“On February 10, the White House released its detailed budget request to Congress for fiscal year (FY) 2021. As has become the norm since taking office, the president’s budget proposes devastating cuts to federal humanities and history funding. These include elimination of the National Endowment for the Humanities, the Institute of Museum and Library Services, the National Historical Publications and Records Commission, history and preservation programs at the National Park Service and federal K-12 history/civics and international education programs.”

You can read the details at:

Why Mapping Your Family History Will Help You At Work

According to an article by Remy Blumenfeld and published in Forbes: Your family’s story, including things you may not have been told, have a big effect on what you see as being ‘normal’ in your behavior and relationships. He then goes on to describe the value of family mapping.

NOTE: Family Mapping is not a standard tool of genealogists. Instead, family mapping describes the use of genograms, a frequently-used tool of psychologists and others. Wikipedia describes the use of genograms as:

American Ancestors / New England Historic Genealogical Society Is the Recipient of a Collection of Roosevelt Family Papers

The following announcement was written by the New England Historic Genealogical Society, also known as American Ancestors:

February 10, 2020—Boston, Massachusetts—Deeper glimpses into the fascinating lives of the extended family of Theodore Roosevelt (1858–1919), the 26th president of the United States, have been added to the collection of American Ancestors | NEHGS through a generous donation of Roosevelt family papers from the Theodore Roosevelt Association (TRA). The TRA, chartered by Congress in 1920, is a historical and public service organization dedicated to perpetuating the memory and ideals of Theodore Roosevelt.

Photograph, William Emlen Roosevelt (1825-1898), Mss 1288, R. Stanton Avery Special Collections, New England Historic Genealogical Society

How I Create Multiple Backup Copies of Critical Information Stored in my Computers

I recently republished an article that I post here every month: It is the First Day of the Month: Back Up Your Genealogy Files. A newsletter reader wrote and asked a simple question: “How do I make backups?”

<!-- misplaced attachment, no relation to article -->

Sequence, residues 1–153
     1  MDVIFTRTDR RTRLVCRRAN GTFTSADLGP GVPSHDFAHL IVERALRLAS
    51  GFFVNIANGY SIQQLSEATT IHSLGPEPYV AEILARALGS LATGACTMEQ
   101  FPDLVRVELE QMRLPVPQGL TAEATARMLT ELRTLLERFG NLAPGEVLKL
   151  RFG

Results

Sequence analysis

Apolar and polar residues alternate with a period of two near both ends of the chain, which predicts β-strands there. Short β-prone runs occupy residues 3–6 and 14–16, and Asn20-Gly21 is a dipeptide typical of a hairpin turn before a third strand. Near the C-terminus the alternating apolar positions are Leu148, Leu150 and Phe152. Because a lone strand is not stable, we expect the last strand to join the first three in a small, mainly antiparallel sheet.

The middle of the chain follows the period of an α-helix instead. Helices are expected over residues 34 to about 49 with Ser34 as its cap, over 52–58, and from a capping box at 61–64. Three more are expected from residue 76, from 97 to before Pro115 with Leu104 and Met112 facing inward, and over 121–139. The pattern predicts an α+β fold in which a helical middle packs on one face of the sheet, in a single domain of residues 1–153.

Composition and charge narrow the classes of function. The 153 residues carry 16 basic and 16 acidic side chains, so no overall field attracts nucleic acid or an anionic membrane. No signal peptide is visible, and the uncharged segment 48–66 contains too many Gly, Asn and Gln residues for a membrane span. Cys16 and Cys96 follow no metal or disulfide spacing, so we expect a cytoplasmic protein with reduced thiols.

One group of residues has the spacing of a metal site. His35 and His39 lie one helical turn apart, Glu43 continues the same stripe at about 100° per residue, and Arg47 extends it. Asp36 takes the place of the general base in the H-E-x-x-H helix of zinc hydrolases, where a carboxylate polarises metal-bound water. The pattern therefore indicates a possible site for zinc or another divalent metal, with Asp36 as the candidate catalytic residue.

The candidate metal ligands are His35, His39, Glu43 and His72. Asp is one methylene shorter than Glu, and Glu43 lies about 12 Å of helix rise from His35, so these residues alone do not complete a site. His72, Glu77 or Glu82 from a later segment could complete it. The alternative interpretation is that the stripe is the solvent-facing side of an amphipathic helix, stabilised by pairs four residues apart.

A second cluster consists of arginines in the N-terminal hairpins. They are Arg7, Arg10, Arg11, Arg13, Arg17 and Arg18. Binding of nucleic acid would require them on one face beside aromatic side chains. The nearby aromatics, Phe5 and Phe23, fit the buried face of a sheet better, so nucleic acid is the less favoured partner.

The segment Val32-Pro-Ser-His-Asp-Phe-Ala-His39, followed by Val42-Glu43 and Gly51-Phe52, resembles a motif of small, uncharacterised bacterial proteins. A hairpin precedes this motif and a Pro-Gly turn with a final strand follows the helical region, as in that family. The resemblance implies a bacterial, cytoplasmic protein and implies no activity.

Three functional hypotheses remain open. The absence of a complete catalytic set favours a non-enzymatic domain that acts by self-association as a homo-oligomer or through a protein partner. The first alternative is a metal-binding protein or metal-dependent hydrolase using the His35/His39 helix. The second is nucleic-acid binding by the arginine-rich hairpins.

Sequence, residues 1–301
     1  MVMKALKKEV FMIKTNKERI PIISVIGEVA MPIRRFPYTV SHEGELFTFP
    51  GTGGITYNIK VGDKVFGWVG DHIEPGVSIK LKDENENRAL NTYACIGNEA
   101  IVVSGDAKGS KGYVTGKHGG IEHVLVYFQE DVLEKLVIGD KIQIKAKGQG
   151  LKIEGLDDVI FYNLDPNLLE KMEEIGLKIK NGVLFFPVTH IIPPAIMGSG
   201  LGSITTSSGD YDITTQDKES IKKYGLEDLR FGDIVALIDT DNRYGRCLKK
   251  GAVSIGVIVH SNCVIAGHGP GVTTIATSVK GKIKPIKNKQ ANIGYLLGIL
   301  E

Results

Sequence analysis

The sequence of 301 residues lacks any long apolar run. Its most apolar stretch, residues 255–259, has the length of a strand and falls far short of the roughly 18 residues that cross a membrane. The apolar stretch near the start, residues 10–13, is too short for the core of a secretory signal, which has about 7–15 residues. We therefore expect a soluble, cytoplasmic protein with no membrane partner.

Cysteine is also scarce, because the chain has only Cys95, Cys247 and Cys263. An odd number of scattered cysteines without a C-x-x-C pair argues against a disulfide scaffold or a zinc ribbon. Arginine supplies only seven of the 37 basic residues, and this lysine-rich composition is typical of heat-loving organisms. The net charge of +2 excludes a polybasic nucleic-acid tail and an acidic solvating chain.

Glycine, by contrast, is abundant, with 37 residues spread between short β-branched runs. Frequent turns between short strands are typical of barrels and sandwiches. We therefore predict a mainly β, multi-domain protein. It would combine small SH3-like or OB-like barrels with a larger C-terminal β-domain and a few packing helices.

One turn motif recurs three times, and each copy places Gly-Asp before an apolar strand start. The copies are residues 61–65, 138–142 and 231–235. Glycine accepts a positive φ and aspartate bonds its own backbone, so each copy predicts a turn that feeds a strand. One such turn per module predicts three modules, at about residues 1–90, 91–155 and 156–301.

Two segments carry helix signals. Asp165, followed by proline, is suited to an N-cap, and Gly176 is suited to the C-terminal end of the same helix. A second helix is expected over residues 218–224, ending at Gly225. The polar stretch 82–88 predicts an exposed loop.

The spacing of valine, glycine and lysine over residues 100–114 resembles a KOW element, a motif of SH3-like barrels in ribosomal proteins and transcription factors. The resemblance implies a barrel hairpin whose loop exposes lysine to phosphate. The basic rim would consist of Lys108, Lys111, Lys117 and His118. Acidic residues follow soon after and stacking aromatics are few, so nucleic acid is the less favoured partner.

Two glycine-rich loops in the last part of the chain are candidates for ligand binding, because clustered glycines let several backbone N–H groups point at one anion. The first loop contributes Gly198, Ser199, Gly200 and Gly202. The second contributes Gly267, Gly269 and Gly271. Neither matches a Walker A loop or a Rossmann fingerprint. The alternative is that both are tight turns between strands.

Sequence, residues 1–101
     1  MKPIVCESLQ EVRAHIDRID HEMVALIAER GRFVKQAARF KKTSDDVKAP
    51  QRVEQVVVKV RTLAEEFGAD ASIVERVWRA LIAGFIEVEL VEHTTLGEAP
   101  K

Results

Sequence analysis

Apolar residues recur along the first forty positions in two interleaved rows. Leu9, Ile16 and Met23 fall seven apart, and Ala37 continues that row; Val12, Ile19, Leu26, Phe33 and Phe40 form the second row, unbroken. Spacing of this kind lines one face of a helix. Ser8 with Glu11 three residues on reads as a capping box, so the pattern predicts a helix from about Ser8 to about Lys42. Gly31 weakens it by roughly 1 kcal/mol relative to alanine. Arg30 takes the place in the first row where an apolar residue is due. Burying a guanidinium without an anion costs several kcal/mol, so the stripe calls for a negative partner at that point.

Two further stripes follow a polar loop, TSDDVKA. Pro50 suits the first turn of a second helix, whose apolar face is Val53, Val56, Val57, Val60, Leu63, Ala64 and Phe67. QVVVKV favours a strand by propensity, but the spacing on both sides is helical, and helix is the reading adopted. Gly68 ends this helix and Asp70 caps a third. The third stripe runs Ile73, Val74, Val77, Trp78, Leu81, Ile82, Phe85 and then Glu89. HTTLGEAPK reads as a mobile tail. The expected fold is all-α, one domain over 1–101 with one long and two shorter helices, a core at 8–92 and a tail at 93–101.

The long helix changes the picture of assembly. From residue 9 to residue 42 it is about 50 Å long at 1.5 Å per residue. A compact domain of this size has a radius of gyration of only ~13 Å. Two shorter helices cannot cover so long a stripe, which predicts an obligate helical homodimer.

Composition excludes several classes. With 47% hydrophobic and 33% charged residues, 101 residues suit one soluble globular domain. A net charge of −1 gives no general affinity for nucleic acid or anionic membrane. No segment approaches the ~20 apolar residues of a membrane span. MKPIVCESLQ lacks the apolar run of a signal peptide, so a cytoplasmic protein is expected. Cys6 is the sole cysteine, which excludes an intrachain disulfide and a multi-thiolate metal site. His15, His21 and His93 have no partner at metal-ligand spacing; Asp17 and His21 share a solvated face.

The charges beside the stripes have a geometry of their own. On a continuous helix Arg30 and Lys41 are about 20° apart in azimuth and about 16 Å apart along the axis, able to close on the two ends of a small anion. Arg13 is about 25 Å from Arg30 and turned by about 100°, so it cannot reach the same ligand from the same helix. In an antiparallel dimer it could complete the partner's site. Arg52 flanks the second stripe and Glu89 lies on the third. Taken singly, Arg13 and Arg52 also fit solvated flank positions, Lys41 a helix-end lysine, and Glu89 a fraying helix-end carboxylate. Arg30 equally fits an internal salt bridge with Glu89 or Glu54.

I answered the question in email but thought I would copy that reply into a new article here in the newsletter in case other readers have the same question.

I cannot write a precise answer that will work for everyone as computer owners use a wide variety of hardware and software. Also, each computer owner’s needs may vary from what other people need. Do you need to back up EVERYTHING or only a few files that are important to you?

I decided to answer a few generic questions about how often to make backups, how many copies, and so forth. Then I will describe what I currently use. Admittedly, I constantly experiment with new things so what I am using today might not be what I will be using next month. Still, this article should give you some ideas about how you should constantly back up the important files that you do not wish to lose. I will suggest you do not need to do exactly what I do. Instead, this article will hopefully give you some ideas for creating a plan that works best for you.

Plus Edition Newsletter Has Been Sent

To all Plus Edition subscribers:

A notice of the latest EOGN Plus Edition newsletter was sent to you a few minutes ago. The latest Plus Edition newsletter is available at:

The following articles are listed in this week’s Plus Edition email:

(+) Lifestyles in the Seventeenth Century

A Court Tried To Force To Open Up Its DNA Database To Police. The Company Said No.

Ancestry Announces Lay-Offs and a Change in Corporate Focus on the Family History Business

Layoffs at Genetic Testing Companies Reflect the Changing Market

This DNA Testing Firm Said it wanted to Bring Closure to Families of Murder Victims. Then It Blocked a Rival from Using Its Database to Solve Crimes.

Washington State Attorney General Bob Ferguson Weighs Legal Action Over Seattle National Archives Closure

Family History Hosting Announces GEDCOM Assessment v1.03

(+) Lifestyles in the Seventeenth Century

The following is a Plus Edition article written by and copyright by Dick Eastman. 

We all have read history books about the brave and noble heroes who helped shape today’s world. Hearty explorers, brave immigrants, exemplary church-goers and the like did indeed create today’s modern world. Yet these same history books rarely describe the everyday world of those heroes and heroines. Sometimes their lives were not all fame and glory. In fact, their lives were often repulsive by today’s standards. I thought I would focus for a bit on everyday life in the 1600s in Europe, in England, and in the newly-created colonies in North America.

In fact, knowledge was a scarce commodity in the seventeenth century. It is difficult for us to comprehend just how ignorant people were. Most Europeans knew nothing about geography and didn’t know or care what happened on the other side of the horizon. The majority of people never traveled more than five miles from their place of birth although there were a few more adventurous soles in those days.

Recent Updates to the Calendar of Genealogy Events

The following pages have recently been updated in the Calendar of Genealogy Events:

Online Webinars, Ontario, California, Colorado, Maryland, Nebraska, New York, Utah, and Washington

Some of the above changes may have been deletions of past events.

All information in the Calendar of Events is contributed by YOU and by other genealogists. You can directly add information to the Calendar about your local genealogy event.